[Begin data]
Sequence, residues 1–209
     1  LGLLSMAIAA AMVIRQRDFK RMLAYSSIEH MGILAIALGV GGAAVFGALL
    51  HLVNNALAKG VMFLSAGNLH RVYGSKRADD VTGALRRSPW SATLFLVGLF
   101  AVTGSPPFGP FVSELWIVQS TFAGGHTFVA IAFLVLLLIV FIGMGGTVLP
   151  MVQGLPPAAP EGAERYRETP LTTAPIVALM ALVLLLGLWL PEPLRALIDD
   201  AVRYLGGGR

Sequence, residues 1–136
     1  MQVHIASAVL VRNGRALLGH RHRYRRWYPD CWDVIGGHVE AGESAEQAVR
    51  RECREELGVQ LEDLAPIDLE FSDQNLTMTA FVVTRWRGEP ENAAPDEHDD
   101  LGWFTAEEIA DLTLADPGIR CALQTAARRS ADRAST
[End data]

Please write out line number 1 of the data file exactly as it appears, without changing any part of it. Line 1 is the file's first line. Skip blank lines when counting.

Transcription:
Sequence, residues 1–209